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Challenge for networky types: Multi IPs, one W2K box, conflicts...

Using multiple non homogenous IPs on one W2K/IIS5 box

     
7:26 pm on Feb 28, 2005 (gmt 0)

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Hi folks.

I've a W2K/AS server which currently lives on an IP. Let's say for the sake of argument it's:

a.b.c.d with a subnet of 255.255.255.248 (i.e. /29)

I have another IP, on a completely different subnet, to point to the server, e.g.:

w.x.y.z with a subnet of 255.255.255.252 (i.e. /30)

The firewall has been opened to allow either IP on port 80. I've a new website that for various reasons has to live on this new IP, whilst the other websites live on the original IP. IIS5 allows for this, and I've set it up accordingly. Both IPs correspond to one network card in the server, and have been setup properly as far as I can tell.

The problem is that though the second IP pings, the site (whose DNS is setup properly) does not respond. In the event logs, I see the following message:

The system detected an address conflict for IP address w.x.y.z with the system having network hardware address 00:05:85:ss:ss:ss. The local interface has been disabled.

IPConfig /all confirms this, as the new IP is reset to 0.0.0.0 with a subnet of 0.0.0.0. Incidentally, in the example above I obscured the last part of the MAC address.

What I know for a fact:
(1) ISP reckons everything configured properly on their part;
(2) No such network hardware having that MAC address exists in my server;
(3) Something ain't right :-)

FYI, without giving too much away, the original (working) IP is of the form 212.20.xx.xx address, and the new one is of the form 84.19.yy.yy. The machine routes via a gateway on the 212.20.xx.xx ISPs network.

Any ideas? Or am I fighting a losing battle against the black art of IP routing?

Ta,

John

7:40 pm on Feb 28, 2005 (gmt 0)

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Oh, before I forget. The message that browsers get back when they try to surf to the site on the new IP is:

"The connection was refused when trying to contact www.thedomaininquestion.com."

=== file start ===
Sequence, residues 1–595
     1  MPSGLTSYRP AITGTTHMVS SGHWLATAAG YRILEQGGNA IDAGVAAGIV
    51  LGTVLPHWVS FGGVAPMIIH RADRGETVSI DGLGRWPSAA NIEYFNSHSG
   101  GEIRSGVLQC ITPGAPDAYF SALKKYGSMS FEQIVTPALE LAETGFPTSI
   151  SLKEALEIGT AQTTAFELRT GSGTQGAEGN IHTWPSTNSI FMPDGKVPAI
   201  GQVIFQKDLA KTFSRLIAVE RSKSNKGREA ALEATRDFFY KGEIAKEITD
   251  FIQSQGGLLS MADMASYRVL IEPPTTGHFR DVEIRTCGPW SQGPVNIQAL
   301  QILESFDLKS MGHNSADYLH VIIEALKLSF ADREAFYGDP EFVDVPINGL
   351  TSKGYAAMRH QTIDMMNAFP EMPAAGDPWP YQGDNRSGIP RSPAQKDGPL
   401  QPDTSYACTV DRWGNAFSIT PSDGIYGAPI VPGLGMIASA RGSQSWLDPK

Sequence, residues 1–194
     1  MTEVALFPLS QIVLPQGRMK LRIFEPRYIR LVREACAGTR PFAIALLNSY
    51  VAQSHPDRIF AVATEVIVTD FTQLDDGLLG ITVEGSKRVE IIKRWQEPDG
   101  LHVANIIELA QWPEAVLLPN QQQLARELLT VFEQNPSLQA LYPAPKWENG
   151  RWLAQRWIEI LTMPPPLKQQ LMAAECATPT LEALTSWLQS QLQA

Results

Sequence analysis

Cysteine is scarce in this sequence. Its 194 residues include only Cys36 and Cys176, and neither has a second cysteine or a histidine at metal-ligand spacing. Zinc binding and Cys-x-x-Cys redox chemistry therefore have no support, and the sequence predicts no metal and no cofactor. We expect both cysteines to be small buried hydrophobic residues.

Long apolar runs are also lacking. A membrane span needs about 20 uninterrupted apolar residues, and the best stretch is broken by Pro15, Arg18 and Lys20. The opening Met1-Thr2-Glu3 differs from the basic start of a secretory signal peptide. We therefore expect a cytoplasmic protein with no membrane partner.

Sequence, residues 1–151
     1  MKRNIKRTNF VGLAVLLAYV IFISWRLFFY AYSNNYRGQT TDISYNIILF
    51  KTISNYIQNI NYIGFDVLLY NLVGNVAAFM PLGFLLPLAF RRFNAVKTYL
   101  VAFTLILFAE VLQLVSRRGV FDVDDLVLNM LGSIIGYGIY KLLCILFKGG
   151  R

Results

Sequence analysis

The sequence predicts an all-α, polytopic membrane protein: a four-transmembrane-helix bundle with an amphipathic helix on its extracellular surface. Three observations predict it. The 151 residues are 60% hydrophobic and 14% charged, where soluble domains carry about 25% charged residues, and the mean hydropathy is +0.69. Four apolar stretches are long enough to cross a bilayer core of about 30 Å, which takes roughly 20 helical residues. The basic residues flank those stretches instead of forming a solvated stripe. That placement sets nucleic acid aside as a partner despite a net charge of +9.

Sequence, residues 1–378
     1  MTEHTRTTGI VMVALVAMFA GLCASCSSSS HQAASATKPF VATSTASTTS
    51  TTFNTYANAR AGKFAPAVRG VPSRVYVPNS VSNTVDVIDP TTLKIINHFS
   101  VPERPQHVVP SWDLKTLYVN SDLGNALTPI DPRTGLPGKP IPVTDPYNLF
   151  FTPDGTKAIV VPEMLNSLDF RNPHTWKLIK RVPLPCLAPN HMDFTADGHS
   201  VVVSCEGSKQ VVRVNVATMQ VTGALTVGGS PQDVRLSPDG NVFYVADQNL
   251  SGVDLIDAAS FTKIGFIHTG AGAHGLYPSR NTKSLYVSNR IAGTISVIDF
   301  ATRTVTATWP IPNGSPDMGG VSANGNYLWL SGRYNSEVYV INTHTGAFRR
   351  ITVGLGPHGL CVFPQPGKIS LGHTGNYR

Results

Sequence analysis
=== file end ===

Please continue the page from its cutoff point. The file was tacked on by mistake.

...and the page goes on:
(obviously that's not the real domain but rules are rules...)

John

8:29 pm on Feb 28, 2005 (gmt 0)

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Hmm - most likely, there *is" a machine somewhere on the network that thinks it has the same IP as your server.

As a side note, although IIS supports multiple IPs, generally Windows only supports one default gateway. This could create issue if either the routers upstream on those two links cases about source routing, you might find packets get dropped. I don't think that's what's going on at the moment, but something to watch out for.

Good luck finding the device with the conflicting IP.

2:29 am on Mar 1, 2005 (gmt 0)

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unbind the address.

run ipconfig to confirm it is unbound.

ping the address to prove to yourself it does still exist somewhere out there.

find the offending machine.

whack someone upside the head.

having multiple gateways on non-contiguous nets is not a problem as long as the subnets are configured properly.

9:12 am on Mar 1, 2005 (gmt 0)

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Thanks, have tried this - adaptor unbound from the iffy IP, and yet it still pings.

Running tracert on the IP is interesting - it must be very close by as it gets there in one hop, but to be fair I'm not a networking-minded fellow and I get a bit lost.

Would you say that if it tracert's in one hop, it is likely to be something setup in the routing between the ISP and my co-hosted box? Or is the one hop more likely to be due to the adaptor not being unbound (though ipconfig /all reveals no sign of it).

I'm confused :-(

John

11:15 am on Mar 1, 2005 (gmt 0)

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Got it working: was a case of bad communication between ISP and myself. The IP I thought I had was not the IP I was allocated - but once I tried the IP that they thought that I had been trying, it 'just worked' (Mac styley ;-)

Happy John

 

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